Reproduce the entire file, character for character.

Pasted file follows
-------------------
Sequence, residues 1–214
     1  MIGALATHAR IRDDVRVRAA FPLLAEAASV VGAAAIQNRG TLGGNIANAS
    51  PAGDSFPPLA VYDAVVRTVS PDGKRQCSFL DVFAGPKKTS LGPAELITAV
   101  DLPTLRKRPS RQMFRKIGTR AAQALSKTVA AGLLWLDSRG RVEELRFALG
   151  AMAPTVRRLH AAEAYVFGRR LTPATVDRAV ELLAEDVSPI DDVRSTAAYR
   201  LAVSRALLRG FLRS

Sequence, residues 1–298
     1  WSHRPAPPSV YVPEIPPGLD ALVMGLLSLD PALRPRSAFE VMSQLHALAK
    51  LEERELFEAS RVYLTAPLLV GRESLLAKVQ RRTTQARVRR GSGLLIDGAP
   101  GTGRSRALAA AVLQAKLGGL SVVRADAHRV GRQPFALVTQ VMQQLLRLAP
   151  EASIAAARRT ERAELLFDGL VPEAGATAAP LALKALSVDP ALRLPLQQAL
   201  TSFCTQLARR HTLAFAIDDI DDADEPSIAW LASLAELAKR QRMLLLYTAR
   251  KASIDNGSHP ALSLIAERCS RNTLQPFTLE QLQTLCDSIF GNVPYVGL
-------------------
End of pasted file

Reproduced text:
Sequence, residues 1–214
     1  MIGALATHAR IRDDVRVRAA FPLLAEAASV VGAAAIQNRG TLGGNIANAS
    51  PAGDSFPPLA VYDAVVRTVS PDGKRQCSFL DVFAGPKKTS LGPAELITAV
   101  DLPTLRKRPS RQMFRKIGTR AAQALSKTVA AGLLWLDSRG RVEELRFALG
   151  AMAPTVRRLH AAEAYVFGRR LTPATVDRAV ELLAEDVSPI DDVRSTAAYR
   201  LAVSRALLRG FLRS

Sequence, residues 1–298
     1  WSHRPAPPSV YVPEIPPGLD ALVMGLLSLD PALRPRSAFE VMSQLHALAK
    51  LEERELFEAS RVYLTAPLLV GRESLLAKVQ RRTTQARVRR GSGLLIDGAP
   101  GTGRSRALAA AVLQAKLGGL SVVRADAHRV GRQPFALVTQ VMQQLLRLAP
   151  EASIAAARRT ERAELLFDGL VPEAGATAAP LALKALSVDP ALRLPLQQAL
   201  TSFCTQLARR HTLAFAIDDI DDADEPSIAW LASLAELAKR QRMLLLYTAR
   251  KASIDNGSHP ALSLIAERCS RNTLQPFTLE QLQTLCDSIF GNVPYVGL